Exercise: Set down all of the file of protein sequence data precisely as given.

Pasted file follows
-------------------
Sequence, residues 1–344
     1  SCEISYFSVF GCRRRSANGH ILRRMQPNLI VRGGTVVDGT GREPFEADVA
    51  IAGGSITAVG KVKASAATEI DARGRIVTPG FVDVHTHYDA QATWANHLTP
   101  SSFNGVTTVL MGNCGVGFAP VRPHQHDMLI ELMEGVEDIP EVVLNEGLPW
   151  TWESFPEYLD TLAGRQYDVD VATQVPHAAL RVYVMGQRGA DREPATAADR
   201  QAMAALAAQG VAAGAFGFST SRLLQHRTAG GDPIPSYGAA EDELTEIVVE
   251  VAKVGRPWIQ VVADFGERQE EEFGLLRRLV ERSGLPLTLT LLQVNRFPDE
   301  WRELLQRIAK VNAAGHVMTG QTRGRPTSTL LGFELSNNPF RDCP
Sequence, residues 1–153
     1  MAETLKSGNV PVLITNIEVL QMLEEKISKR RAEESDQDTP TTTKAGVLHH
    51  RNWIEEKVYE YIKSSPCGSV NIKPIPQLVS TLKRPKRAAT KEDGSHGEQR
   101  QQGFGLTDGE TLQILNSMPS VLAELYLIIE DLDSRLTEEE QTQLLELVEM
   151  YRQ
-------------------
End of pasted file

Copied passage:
Sequence, residues 1–344
     1  SCEISYFSVF GCRRRSANGH ILRRMQPNLI VRGGTVVDGT GREPFEADVA
    51  IAGGSITAVG KVKASAATEI DARGRIVTPG FVDVHTHYDA QATWANHLTP
   101  SSFNGVTTVL MGNCGVGFAP VRPHQHDMLI ELMEGVEDIP EVVLNEGLPW
   151  TWESFPEYLD TLAGRQYDVD VATQVPHAAL RVYVMGQRGA DREPATAADR
   201  QAMAALAAQG VAAGAFGFST SRLLQHRTAG GDPIPSYGAA EDELTEIVVE
   251  VAKVGRPWIQ VVADFGERQE EEFGLLRRLV ERSGLPLTLT LLQVNRFPDE
   301  WRELLQRIAK VNAAGHVMTG QTRGRPTSTL LGFELSNNPF RDCP
Sequence, residues 1–153
     1  MAETLKSGNV PVLITNIEVL QMLEEKISKR RAEESDQDTP TTTKAGVLHH
    51  RNWIEEKVYE YIKSSPCGSV NIKPIPQLVS TLKRPKRAAT KEDGSHGEQR
   101  QQGFGLTDGE TLQILNSMPS VLAELYLIIE DLDSRLTEEE QTQLLELVEM
   151  YRQ